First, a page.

by Staff Writers
Sydney (AFP) Oct 17, 2013
Hundreds of homes are feared to have been destroyed by intense wildfires that tore across southeastern Australia in ferocious wind conditions Thursday, darkening Sydney's skies with smoke and ash, firefighters said.
Five major blazes were burning across the state of New South Wales, fanned by high, erratic winds in unseasonably warm 34 degree Celsius (93 Fahrenheit) weather, as infernos in the Blue Mountains west of Sydney plunged the city into an eerie, ash-flecked darkness.
"We are unclear yet as to how many properties have been lost, but it's expected by the time we finish counting, it will be at least in the hundreds," said NSW state Premier Barry O'Farrell.
"It will take some days to see the end of these fires and I suspect if we get through that without the loss of life, we should thank God for miracles."
In total, 95 fires were being tackled across the state with 34 out of control.
NSW Rural Fire Service Commissioner Shane Fitzsimmons said it had been a "very difficult and dangerous day" of "extraordinary fire behaviour", with blazes travelling vast distances due to the winds.
"This is as bad as it gets, you're talking destructive, damaging, and people losing everything they own," he told reporters, adding that it could be weeks before the fires were fully under control.
No fatalities have been reported so far, while just one firefighter has been injured, alhough Fitzsimmons deputy Rob Rogers told ABC television the fear was that people could be in the destroyed houses.
"We will be counting the toll of this tomorrow and indeed days to come, as far as the real impact on this fire," he said.
"We will be very lucky if we haven't lost at least a couple of hundred homes. The real fear, of course, is that there would be someone in them."
Springwood man Joe Moore told Sky News his house had been razed while an estimated 40 other homess had been lost in the village, though that figure could not be confirmed by officials.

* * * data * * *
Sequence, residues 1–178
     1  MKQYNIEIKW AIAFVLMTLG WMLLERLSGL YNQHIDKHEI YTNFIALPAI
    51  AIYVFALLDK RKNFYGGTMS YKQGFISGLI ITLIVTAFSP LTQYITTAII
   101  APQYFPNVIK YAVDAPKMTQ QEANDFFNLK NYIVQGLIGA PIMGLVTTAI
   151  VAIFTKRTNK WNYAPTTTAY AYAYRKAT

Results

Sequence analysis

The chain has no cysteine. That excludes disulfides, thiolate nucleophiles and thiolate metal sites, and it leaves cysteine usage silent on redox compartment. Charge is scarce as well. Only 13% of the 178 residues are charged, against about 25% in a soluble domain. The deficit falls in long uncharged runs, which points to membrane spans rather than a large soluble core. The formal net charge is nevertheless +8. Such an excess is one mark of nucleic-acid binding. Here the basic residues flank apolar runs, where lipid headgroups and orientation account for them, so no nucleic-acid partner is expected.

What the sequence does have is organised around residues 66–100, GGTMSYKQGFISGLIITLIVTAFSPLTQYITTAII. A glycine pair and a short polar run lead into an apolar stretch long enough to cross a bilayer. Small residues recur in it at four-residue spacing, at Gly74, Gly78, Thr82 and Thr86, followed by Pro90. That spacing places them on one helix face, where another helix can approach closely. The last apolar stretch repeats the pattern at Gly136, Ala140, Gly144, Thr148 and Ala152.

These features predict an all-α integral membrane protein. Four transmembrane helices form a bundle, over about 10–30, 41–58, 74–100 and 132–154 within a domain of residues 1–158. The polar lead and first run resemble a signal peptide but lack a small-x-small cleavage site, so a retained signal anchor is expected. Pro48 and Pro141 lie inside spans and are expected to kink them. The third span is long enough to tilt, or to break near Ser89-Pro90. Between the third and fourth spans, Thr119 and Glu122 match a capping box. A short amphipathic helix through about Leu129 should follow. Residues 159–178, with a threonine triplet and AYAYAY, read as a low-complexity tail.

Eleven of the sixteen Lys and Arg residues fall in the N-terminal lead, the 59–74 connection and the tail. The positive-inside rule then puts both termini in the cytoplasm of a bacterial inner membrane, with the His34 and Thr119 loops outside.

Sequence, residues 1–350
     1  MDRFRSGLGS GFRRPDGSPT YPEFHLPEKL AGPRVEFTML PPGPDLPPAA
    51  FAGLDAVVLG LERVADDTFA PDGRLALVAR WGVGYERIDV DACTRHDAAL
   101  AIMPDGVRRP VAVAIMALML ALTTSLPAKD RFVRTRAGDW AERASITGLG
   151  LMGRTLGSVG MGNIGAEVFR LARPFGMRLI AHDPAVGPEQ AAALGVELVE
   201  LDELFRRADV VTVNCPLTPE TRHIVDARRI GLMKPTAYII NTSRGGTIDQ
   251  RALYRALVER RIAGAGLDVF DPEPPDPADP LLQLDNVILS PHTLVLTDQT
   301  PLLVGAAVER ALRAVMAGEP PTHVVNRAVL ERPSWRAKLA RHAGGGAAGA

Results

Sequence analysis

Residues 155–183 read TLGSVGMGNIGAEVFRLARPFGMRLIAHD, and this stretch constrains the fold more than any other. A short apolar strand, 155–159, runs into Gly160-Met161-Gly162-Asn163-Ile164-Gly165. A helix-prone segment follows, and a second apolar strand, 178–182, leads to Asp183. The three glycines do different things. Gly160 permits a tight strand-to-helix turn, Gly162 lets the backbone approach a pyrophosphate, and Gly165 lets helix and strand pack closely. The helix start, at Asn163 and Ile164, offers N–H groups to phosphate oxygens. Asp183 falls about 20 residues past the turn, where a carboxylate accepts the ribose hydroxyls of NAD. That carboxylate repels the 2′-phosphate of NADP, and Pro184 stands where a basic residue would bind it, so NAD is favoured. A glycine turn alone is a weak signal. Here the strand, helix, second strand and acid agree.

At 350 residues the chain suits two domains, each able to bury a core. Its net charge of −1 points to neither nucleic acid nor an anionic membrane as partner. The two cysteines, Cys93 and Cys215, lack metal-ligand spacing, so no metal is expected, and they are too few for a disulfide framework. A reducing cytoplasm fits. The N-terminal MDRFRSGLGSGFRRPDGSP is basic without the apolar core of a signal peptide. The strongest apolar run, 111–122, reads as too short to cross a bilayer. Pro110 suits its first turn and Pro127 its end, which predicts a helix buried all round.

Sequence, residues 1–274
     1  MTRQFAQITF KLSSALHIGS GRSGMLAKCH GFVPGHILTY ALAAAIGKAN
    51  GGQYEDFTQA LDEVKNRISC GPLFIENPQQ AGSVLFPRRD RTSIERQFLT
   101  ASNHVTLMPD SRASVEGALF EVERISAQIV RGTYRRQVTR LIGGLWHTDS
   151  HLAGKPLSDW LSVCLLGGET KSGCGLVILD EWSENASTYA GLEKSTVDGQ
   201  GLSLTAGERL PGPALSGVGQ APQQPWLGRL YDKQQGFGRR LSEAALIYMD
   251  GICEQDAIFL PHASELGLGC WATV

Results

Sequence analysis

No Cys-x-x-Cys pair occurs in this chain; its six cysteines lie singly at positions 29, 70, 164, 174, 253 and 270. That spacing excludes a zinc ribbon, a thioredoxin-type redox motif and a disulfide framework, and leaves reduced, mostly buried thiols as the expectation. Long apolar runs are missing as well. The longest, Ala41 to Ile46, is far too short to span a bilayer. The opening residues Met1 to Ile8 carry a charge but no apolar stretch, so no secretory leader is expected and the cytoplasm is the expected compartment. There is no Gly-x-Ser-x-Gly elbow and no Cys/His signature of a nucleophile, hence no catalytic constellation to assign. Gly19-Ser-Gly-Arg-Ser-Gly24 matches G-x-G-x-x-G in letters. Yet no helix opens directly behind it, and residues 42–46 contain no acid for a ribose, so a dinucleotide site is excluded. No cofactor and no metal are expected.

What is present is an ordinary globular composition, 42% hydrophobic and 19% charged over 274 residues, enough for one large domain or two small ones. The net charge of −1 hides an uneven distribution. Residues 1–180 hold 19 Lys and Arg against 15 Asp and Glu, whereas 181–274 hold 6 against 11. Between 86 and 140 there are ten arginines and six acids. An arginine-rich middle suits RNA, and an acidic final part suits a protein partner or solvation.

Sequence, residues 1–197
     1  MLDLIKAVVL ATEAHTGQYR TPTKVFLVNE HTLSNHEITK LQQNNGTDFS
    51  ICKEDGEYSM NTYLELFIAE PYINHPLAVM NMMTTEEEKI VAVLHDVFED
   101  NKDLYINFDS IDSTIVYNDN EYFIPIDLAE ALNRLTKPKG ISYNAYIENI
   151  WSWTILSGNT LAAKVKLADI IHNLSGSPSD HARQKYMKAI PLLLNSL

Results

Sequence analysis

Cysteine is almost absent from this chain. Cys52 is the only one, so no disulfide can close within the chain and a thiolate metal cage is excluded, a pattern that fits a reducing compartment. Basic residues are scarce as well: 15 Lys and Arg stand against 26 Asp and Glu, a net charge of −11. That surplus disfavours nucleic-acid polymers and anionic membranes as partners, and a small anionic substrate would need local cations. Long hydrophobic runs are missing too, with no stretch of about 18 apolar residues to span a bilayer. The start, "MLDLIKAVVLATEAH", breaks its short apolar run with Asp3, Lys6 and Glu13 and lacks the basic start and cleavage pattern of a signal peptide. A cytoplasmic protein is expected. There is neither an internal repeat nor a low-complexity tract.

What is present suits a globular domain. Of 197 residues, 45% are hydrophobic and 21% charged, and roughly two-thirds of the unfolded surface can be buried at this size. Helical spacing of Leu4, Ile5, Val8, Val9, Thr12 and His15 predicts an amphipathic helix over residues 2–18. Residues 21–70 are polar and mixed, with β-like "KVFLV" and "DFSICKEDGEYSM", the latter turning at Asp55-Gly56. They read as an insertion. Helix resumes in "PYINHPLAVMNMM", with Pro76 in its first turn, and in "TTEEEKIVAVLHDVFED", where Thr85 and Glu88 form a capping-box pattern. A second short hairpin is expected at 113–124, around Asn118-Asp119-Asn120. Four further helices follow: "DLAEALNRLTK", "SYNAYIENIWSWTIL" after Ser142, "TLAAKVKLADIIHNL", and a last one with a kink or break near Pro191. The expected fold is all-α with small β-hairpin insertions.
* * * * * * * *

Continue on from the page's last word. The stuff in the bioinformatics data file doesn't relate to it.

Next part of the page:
"It's about as bad a situation as we could ever have hoped for," he said.
"It's one of those things, if you want to live up in the Blue Mountains it's a beautiful place to live, but it has the dangers of nature's ferocity like we had today."
The blaze was believed to have started when a power line came down in strong winds, according to media reports.
Sydney health authorities issued a respiratory alert after a blanket of smoke settled over the city, bathing familiar landmarks including the Opera House and Bondi Beach in an otherworldly amber hue and causing ash to rain from the skies.
The plume was so thick it showed up on the nation's weather radar.
The winds forced the grounding of water-bombing firefighting aircraft and residents of the Blue Mountains were urged to stay off the roads to clear the way for emergency vehicles.
"The problem is when you've got aircraft over fires like that with (those) winds, a lot of the time they're just getting knocked around in the sky," RFS spokesman Joel Kursawe said, adding that embers were being carried up to six kilometres.
Fitzsimmons said there would be a reprieve for fire crews on Friday with cooler, less breezy conditions expected, but the danger would ramp back up on Sunday and Monday when temperatures soared once more.
Wildfires are common in Australia's summer months between December and February, and authorities are expecting a bad season this year due to low rainfall in the winter and forecasts of hot, dry weather ahead.
The blazes follow Australia's warmest 12 months on record, with the previous summer witnessing an unprecedented heatwave, as well as bushfires and floods.
The worst firestorm in recent years devastated southern Victoria state in 2009, razing thousands of homes and killing 173 people.
Forest and Wild Fires - News, Science and Technology
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